Mapping Dark Matter

It is no exaggeration to say that this is one of the most important maps ever made: a three-dimensional layout of dark matter in the Universe. Dark matter is invisible, but for decades has been known to exist. An extraordinary series of observations led to astronomers being able to map out its location in the Universe. Distance increases to the right, and, since we see more distant objects as they were in the past, we are actually getting a timeline of the cosmos. Note how the dark matter is smoother back when the Universe was young; over billions of years it has fragmented and aided the development of the galaxies and clusters we see today. This was an incredible confirmation of dark matter science and theory!

Spitzer Helix

The Helix Nebula is a favorite: it’s a planetary nebula, a cloud of gas created when a dying star sheds its outer layers, which expand outward in dramatic fashion. Spitzer Space Telescope captured this incredible view of it. It’s possible the Sun will look like this in a few billion years, when it runs out of hydrogen fuel in its core and starts its final paroxysms… though some current reading I have done indicates the Sun won’t be bright enough to light up the gas. It will still blow off its envelope, but the gas won’t be lit up in this way. Too bad, I suppose; aliens viewing our eventual demise won’t get such a pretty show.

Earthrise, Earthset

The US and Russia are no longer the only countries to have sent probes to the Moon, Japan now belongs to this exclusive club (as do India and China as well). The Japanese orbiter Kaguya captured this incredible series of images as the Earth appeared to set over the limb of the Moon. It doesn’t look real! But don’t tell Bart Sibrel.


Does this count as astronomy? Maybe. But after traveling millions of light years across the Universe, sometimes the best sight of all is the approach of home.

And there you go. Next year, well, we’ll see. Making the Top Ten cut is so hard I may very well expand the list. If you are an amateur astronomer — or a pro — better get cracking! Obviously, the competition is fierce. But I’m already looking forward to seeing what will rise over the horizon in 2008.

CATEGORIZED UNDER: Astronomy, Pretty pictures

Comments (31)

  1. Michael Lonergan

    Wow! Amazingly beautiful images! Did you notice the image of an angel in the Hubble Mosaic? I think Jesus was in there too. :)

    Why don’t you expand your “Top” list to a “Top 25”, or “Top 100” list?

  2. Bunkie
  3. David

    The picture of I Zwicky 18 is, perhaps, the most beautiful image I have ever seen in my life. I’ve never been so profoundly affected by a photograph. I think I may actually cry. Thank you, Phil, for bringing the wonders of the universe to everyone.

  4. John

    Ah, now I remember why this is my favorite time of the year on your blog. ūüėÄ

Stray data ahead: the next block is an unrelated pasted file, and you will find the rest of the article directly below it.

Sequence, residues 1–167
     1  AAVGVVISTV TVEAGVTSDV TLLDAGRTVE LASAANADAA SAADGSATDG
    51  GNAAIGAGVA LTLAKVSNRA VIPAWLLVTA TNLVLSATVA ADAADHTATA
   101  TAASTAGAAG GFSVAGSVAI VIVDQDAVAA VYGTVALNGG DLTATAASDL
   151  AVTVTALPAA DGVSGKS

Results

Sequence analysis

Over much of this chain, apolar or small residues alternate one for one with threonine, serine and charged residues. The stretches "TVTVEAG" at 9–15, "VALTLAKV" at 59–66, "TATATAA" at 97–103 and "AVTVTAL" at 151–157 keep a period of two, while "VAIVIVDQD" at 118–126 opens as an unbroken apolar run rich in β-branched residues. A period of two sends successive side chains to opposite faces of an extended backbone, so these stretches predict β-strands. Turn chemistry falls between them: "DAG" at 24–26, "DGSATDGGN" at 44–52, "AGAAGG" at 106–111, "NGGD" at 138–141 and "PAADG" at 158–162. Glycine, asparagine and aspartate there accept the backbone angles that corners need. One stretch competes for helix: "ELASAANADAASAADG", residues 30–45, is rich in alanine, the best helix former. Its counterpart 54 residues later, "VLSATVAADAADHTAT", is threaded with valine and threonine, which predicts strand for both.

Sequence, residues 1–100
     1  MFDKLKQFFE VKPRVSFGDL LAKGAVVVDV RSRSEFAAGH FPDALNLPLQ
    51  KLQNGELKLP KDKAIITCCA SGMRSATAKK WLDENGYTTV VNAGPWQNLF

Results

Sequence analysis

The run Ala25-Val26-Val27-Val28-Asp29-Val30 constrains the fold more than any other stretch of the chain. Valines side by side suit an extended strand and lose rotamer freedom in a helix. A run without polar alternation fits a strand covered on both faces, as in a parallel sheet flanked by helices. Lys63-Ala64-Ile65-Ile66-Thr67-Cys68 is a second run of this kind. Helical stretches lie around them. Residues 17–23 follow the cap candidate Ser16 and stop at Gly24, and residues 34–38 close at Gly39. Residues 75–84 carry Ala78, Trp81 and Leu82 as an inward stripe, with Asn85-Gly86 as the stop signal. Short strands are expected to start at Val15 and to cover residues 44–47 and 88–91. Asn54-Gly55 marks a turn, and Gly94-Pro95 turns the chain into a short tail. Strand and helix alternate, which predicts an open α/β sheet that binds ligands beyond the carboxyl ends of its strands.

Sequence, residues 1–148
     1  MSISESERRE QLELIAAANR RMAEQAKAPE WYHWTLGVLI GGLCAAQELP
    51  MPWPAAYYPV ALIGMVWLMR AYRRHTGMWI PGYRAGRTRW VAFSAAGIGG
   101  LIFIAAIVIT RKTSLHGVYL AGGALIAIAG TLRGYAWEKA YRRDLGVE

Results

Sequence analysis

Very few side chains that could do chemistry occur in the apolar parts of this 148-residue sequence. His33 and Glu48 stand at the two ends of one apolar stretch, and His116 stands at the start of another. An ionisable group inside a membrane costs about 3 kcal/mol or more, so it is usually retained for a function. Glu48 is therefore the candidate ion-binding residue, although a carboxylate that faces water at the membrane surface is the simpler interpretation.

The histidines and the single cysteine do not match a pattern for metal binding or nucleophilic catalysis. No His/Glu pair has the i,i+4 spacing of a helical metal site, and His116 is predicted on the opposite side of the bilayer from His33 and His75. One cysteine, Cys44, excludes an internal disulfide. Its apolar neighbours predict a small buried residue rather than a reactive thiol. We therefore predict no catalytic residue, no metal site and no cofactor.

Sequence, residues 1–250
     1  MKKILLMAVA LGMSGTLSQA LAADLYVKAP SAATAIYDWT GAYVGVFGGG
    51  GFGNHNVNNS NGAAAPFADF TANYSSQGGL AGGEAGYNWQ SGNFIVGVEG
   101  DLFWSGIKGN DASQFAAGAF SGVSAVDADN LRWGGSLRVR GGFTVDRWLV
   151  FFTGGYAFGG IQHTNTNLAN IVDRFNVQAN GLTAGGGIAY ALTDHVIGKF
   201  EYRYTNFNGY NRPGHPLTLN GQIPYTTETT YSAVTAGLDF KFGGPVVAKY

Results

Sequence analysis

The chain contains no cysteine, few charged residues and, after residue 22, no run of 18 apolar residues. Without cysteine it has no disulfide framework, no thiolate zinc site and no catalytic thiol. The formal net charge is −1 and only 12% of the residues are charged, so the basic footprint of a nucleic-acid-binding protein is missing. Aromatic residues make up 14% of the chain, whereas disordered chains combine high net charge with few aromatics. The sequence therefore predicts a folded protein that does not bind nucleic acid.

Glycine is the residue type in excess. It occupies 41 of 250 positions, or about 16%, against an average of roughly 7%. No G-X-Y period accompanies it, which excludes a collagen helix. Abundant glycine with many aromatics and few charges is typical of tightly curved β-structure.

5. marzia

    I’ve noticed that growing older I appreciate more my “neighborhood” than pictures from far far away. Saturn is spectacular, and Earth rising from the Moon horizon is touching (even though I can’t help imagine capt. Koenig & doc. Russel hugging and looking at the Earthset from the windows of Moonbase Alpha…:-))

  6. The photo of Iapetus must have been deliberately altered by a NASA conspiracy. There is no trace of a giant black magnetic monolith (cf Clarke 1968).

  7. The moon on a crane picture proves that not only the moon hoax is real but also that the moon itself is a government conspiracy!

  8. Bob Brashear

    The last picture … Those cool green hills of Earth.

    Happy New Year everyone.

  9. Gary Ansorge

    The Helix Nebula reminds me of the Chapa Eye in SG1. I wonder if we’ll ever see evidence of a wormhole? Hey, after finding such for the existence of dark matter, we can dream, right?

    Hope your holidaze are good.


    gary 7

  10. Ken B

    Your final runner-up “Home” just happens to be my current wallpaper. :-)

    I’m sure it was a tough job narrowing it down to just 10.

  11. Wow, awesome pictures. I’ve got most of ’em on my blog, but I think we have a habit of looking and quickly dismissing the latest, greatest news in search of the next big breakthrough. Iapetus definitely should have been in the Top Ten though!

    Oh well… it’s been a great year for discoveries. I’m looking forward to next year.

  12. I love your pick of these pictures. I dont think I could ever choose a top ten. Many times I visit the hubble site and just totally lost in the beauty that excists on that sight. I can spend hours there and I never get any work done.

    I really like the “mooncrane” picture I wish I could be that creative.


  13. That last one always gets me. To think we may be destroying our own existance on this blue pearl just hurts.

    The only thing more beautiful would be the same motif just substituted with an exoplanet. That would be truly profound.

  14. Jasso

    I love the brilliant blue of the picture of Earth. I think that might be my new favorite color!

  15. CR

    All the pics are wonderful, but the pic of Iapetus blew me away…
    Until that last one of Earth. After travelling through the solar system and to the depths of the universe, it’s good to be home!

    BTW, I followed the Earth link, and there’s an image of the eastern hemisphere there as well as the western hemis BA posted. Be sure to check it out!

  16. i liked the runner up list more! thanks for this great summary of some fantastic images…. i missed a few of these!

  17. chip

    wow. you can’t beat that hubble deep field stuff. makes you think of carl sagan’s, “billions and billllliiiiioooonnnnns.”

  18. Brando

    That last image reminds me of Crow on MST3K:

    “And there’s the Earth the way we left it, with the USA IN CHARGE!”

  19. Much as I like being on the 2007 runner-up list, colleagues and I made the image of the Earth in way back in 2002. We’ve made a few similar images more recently: (2005) (2007)

  20. terry

    Dec 24 Micheal said he saw an angel & maybe Jesus in the hubble mosaic .
    I see the from left to right at least four distinct figures on the left I see a skull,then i see a winged figure ,then I see a face like a demon it has his shoulders and collar bones . then i can see a small hooded skull kind of like the grim reaper.
    If you look around you can make out smaller skulls .
    The mossaic kind of looks like the gates of hell opened .
    This is the same picture titled carina. o.k. what else can anyone see?

  21. WOW! That picture of Earth! It looks like a beautiful Jewel!

    SKY Jewelry! :]

    I love the pictures! Breath taking! Thank you.

  22. arturo

    Best, Nice, gorgeous, all these pictures from Natura, congratulations.

    Fron Mexico

  23. zbo

    wow. simply gorgeous….

  24. Darwin

    QUe bello.. tantas cosas que hay en el universo y todavia nos preguntamos si hay vida en otros `planetas..

  25. shiney

    that top ten is the most amazing thig i have seen on the web so far thanks for the images and your time to sort it out for all to see